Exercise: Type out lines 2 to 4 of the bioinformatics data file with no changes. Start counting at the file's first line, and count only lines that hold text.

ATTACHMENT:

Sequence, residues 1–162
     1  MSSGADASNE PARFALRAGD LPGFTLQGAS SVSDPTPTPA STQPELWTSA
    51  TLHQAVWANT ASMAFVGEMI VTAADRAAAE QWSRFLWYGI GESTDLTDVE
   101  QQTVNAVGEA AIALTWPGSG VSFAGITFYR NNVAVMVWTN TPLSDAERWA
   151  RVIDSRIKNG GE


     1  MSSGADASNE PARFALRAGD LPGFTLQGAS SVSDPTPTPA STQPELWTSA
    51  TLHQAVWANT ASMAFVGEMI VTAADRAAAE QWSRFLWYGI GESTDLTDVE
   101  QQTVNAVGEA AIALTWPGSG VSFAGITFYR NNVAVMVWTN TPLSDAERWA